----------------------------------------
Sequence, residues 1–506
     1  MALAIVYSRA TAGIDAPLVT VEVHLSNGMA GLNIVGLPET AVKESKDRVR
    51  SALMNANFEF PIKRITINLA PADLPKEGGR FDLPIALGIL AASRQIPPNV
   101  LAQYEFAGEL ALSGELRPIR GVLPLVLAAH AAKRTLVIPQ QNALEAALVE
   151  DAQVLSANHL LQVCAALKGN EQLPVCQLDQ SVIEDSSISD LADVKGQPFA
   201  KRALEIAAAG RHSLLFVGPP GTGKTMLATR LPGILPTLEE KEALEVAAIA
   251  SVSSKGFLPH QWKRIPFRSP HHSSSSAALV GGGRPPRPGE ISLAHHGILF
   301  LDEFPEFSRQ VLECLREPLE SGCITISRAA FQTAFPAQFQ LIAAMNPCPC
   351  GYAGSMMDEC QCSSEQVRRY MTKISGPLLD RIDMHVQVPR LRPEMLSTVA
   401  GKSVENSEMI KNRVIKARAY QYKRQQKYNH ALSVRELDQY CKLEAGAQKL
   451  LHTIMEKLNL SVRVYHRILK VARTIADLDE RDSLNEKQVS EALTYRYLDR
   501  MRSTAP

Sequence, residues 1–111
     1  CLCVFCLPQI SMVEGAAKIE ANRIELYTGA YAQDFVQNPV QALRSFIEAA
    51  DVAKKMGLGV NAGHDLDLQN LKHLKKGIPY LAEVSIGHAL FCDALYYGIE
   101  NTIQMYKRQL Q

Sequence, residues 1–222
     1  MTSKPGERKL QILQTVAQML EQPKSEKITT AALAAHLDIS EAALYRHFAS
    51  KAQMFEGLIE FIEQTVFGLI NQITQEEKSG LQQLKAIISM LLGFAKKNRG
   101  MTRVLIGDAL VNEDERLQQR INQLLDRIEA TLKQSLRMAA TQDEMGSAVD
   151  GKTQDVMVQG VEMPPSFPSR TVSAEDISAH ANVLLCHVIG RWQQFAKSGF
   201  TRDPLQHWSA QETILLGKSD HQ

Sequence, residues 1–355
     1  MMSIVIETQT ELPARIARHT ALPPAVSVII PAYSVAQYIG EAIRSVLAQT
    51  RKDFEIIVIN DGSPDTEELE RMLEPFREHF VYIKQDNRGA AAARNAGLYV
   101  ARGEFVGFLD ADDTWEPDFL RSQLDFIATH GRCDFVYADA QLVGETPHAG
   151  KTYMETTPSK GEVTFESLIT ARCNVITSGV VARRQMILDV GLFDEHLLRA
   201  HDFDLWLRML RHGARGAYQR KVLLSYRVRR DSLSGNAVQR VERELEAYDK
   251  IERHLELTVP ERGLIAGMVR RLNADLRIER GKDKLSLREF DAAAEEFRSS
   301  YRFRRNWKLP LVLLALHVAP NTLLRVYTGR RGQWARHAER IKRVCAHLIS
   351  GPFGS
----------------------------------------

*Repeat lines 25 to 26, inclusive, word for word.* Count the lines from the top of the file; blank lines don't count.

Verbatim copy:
    51  RKDFEIIVIN DGSPDTEELE RMLEPFREHF VYIKQDNRGA AAARNAGLYV
   101  ARGEFVGFLD ADDTWEPDFL RSQLDFIATH GRCDFVYADA QLVGETPHAG